Make the most important investment decision of your life. Make the commitment to diversify and know where to invest to maintain your wealth. There are many choices for investors from annuities and bonds to the stock market and CDs. It is important to know the fees, penalties, limitations, and benefits of each of these investment opportunities. For example, bonds have gotten a bad rap because the federal government has kept interest rates low. However, most experts recognize bonds as the foundation for a portfolio that can work well in all economic climates. Annuities can work as a pension plan if done correctly; however, the fees and penalties associated with many annuities, makes them a bad investment. It is up to you to take control, do your research, and uncover the right investment tools.
Create a lifetime income plan. 65-year-old Ray Dalio created a strategy called the All Seasons strategy, which shows investors how to succeed with the right mix of bonds, equities, commodities, and gold in any economic season. Coming of age in the 1970s as a clerk on the NYSE, Dalio saw bull and bear markets. Tides changed quickly and unexpectedly. David Swensen, Yale’s chief investment officer, says that “unconventional wisdom is the only way to succeed. Follow the herd, and you don’t have a chance.” Consider real estate. In the early 2000s, Americans (including those with little money) were buying whatever they could get their hands on. But they weren’t just buying homes because interest rates were low. Interest rates were lower in 2009, and buyers couldn’t give their homes away. People bought during the boom because prices were rising rapidly. The herd was caught up in the growth and inflating prices of real estate.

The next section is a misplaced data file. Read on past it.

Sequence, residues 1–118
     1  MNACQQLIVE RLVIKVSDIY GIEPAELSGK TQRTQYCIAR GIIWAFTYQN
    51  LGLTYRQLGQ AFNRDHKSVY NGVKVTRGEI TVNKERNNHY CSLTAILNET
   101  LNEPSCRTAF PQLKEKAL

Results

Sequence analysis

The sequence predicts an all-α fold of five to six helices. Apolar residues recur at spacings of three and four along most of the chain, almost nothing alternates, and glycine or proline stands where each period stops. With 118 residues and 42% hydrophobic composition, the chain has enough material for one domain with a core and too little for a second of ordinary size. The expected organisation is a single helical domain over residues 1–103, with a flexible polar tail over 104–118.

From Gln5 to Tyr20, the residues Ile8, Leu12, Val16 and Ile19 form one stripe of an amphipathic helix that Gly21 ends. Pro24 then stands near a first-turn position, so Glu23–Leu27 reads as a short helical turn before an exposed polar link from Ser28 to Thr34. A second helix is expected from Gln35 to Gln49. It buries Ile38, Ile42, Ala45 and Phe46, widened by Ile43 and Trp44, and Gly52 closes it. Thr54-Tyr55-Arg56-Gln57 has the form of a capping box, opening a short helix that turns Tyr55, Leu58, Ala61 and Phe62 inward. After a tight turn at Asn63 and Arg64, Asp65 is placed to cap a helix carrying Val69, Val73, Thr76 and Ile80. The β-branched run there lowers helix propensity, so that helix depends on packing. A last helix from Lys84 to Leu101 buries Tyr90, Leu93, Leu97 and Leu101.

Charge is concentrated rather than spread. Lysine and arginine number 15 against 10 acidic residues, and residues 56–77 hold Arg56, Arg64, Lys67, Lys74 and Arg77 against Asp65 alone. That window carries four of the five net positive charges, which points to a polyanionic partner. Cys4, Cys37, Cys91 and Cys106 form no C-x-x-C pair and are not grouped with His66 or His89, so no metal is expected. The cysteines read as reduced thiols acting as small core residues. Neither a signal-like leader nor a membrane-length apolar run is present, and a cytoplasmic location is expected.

There are four things that move the price of assets: inflation, deflation, rising economic growth, and declining economic growth. When higher than expected growth takes place, higher than expected inflation will soon follow. When lower than expected growth takes place, lower than expected inflation will follow. According to Dalio, there are four economic seasons and you need the foresight to invest today for what tomorrow brings by paying attention to the economic indicators that are a part of your everyday life. The All Seasons strategy is:
- 30 percent stocks
- 40 percent long-term bonds
- 15 percent intermediate U.S. bonds
- 7.5 percent commodities
- 7.5% gold
The results of the All Seasons strategy versus the S&P strategy are covered in this book.
Invest like the .001%. Robbins interviewed many billionaires from Carl Icahn to Warren Buffett to John Bogle. Although each had a distinct approach, he found that they all shared at least four common obsessions: (1) don’t lose money, (2) risk a little to make a lot, (3) anticipate and diversify, and (4) you’re never done.
Just do it, enjoy it, and share it. Robbins summarizes this interesting book in a way that inspires the reader like only he can do. He encourages readers to learn about technological trends and to use these trends to take control of their investing future. While our problems come in waves, so do the solutions to those problems. Robbins inspires his readers to get knowledgeable, take control, and give back.
At over 600 pages, Money Master the Game is well worth the read. The knowledge gained is invaluable. I highly recommend it for the millions of “average” Americans that have avoided investing or feel that the odds of financial success are stacked against them. Particularly inspiring to me, was Robbins’ interview of Vanguard founder John Bogle. One of his greatest failures led to his creation of Vanguard and his ability to give the “Average Joe” the opportunity to grow financially through affordable investing that demystified a world upon which many financial advisors profited. Add this one to your reading list!
Kelly Jabbusch, MBA, AFC®, can be reached at firstname.lastname@example.org.